In his powerful book “Truth and Tolerance: Christian Belief and World Religions,” Joseph Cardinal Ratzinger, now Pope Benedict XVI, divides the religious world into two camps: mystics and monotheists. The former uphold a nondual, nonpersonal, and trans-religious Deity that unites all beings in, with, and as Itself. The latter affirm a singular and separate personal Deity who chooses, judges, rewards and punishes based on ethical precepts and correctness of faith. For the Pope, the latter is superior, for only the latter supports the idea of one true faith and one moral code that is central to the Pope’s Catholicism. As you might expect, I disagree.
As I understand him, the Pope worries that the ineffable nature of Reality as the mystics experience it cancels the truth claims of any given religion, removes the absolute power claimed for its rituals and religious hierarchy, and makes ethics a matter of personal choice rather than divine command. He is correct about the first two points, but wrong about the third.
Mystics do see all religions as symbol systems pointing toward a common and ultimately ineffable Reality. While different religions highlight different aspects of this Reality, no one religion can grasp it in its entirety. Hence when mystics of different faiths gather, cooperation rather than competition is the norm. In addition, mystics raise personal encounter with God over ritual, and tend to question the power and authority of priests and clerics of all sorts. Hence mystics are a threat to religious hierarchies and the systems that sustain them.
Nevertheless, mystics are not necessarily anti-religion, and most come from and operate within a formal religious system. What they are against is the triumphalism and one-upmanship that organized religions often display. Mystics know they are like the blind men and the elephant, each describing a small part of the infinite. Where they differ from mainstream organized religion is that they do not mistake their part for the whole, but dialogue with others to get a better sense of what is true.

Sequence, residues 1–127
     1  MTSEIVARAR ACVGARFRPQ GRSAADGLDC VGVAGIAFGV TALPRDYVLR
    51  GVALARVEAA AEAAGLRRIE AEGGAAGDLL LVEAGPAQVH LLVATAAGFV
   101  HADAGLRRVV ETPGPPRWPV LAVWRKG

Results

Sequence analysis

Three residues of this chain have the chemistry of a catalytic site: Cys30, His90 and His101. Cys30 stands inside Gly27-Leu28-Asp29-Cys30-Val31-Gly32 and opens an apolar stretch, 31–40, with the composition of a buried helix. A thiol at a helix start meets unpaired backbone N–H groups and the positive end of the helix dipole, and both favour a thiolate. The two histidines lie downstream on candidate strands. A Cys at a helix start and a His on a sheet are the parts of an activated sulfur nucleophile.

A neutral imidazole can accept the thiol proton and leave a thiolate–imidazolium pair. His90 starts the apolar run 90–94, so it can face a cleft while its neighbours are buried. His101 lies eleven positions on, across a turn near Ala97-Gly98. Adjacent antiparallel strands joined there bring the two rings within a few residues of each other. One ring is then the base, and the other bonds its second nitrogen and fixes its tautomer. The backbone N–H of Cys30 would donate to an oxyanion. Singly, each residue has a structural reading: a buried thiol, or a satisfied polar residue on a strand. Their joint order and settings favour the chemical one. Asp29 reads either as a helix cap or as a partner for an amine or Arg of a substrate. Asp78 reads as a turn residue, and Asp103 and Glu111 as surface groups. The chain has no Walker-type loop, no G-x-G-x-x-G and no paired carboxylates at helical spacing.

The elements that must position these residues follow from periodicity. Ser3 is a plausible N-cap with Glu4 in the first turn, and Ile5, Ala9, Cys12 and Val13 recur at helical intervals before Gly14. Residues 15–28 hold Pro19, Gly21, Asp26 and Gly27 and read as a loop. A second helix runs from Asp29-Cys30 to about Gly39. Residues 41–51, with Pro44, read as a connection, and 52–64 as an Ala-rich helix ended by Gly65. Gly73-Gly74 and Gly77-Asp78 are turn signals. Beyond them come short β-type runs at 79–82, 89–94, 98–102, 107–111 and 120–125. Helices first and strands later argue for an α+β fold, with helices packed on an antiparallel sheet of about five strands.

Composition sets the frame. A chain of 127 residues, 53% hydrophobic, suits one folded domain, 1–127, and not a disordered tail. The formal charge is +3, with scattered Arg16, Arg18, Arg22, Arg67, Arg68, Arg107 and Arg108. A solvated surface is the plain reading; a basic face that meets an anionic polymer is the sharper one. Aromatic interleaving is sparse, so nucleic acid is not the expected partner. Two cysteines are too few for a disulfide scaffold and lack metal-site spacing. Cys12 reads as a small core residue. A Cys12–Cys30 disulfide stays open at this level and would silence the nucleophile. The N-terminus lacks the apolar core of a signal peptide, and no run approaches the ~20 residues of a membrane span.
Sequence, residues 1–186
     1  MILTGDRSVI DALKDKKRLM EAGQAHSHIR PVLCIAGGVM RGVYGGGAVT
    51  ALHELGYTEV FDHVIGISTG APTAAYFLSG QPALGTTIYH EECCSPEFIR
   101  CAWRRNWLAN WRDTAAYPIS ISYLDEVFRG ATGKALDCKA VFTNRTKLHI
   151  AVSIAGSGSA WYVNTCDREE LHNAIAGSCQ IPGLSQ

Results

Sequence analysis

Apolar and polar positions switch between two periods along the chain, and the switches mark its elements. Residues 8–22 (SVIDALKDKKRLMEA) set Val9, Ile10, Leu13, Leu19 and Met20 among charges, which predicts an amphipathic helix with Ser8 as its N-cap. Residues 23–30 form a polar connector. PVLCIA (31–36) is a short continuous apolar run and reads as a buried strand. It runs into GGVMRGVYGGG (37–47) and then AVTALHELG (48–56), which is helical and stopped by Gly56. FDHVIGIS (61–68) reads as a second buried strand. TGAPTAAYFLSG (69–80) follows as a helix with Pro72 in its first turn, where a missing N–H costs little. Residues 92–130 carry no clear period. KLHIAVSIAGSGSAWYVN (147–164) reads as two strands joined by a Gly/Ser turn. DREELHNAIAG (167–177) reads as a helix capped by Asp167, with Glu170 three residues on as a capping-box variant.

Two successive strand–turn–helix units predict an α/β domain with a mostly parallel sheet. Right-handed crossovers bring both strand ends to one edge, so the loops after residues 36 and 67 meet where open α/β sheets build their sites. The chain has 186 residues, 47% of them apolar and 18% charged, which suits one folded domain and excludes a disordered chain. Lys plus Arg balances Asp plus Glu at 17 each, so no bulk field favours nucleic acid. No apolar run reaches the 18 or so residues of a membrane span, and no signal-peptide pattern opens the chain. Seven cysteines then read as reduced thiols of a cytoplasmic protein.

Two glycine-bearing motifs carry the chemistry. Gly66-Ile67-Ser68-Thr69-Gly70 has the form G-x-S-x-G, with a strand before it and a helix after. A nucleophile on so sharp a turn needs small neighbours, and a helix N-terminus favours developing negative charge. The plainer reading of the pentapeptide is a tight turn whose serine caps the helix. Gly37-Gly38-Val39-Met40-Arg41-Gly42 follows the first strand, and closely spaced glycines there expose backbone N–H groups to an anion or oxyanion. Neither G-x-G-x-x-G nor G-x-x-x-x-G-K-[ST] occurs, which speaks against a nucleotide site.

Regarding ethics the mystics’ direct encounter with God translates into a universal code of ethics that transcends time and place. This code is best articulated by the prophet Micah: Do justly, love mercy, and walk humbly with your God (Micah 6:8). Justice and compassion are universal and timeless principles that each generation must define and refine for itself, but it is not a matter of whim, but rather rooted in the very nature of God as they encounter God. Walking humbly with you God is more than a challenge to personal hubris, but addresses the tendency of organized religions to claim unique access to the truth and to deny the truths and damn the followers of other faiths. Walking humbly with “your” God means admitting that your idea of God is just that, your idea and not the absolute truth.
Both mystics and monotheists see the world rooted in the One God, the God the mystics would called Oneness Itself, and governed by both natural laws and moral imperatives. The issue of morals does not divide mystics from monotheists, but mystics and monotheists from scientists.
While all three communities experience the wonder of reality, only the monotheists and mystic find it exquisitely moral. Working in harmony with reality allows the scientist to uncover the physical structures of the universe and apply what is learned to enhancing our physical existence. Working in harmony with reality allows mystics and monotheists to uncover the moral structures of the universe and apply what is learned to enhancing our spiritual and cultural existence.
I appreciate Pope Benedict’s categories of mystic and monotheist, but I do not find them in opposition to one another. On the contrary, mystics are the explorers of the spirit whose discoveries should be the stuff from which monotheists fashion religious systems that lift us out of religious parochialism toward diverse celebrations of God’s unity and universal ethic. Add the category of scientist to the mix, and we may have the workings of a new field for deeply spiritual and scientifically rigorous exploration.
Sunday, February 05, 2006
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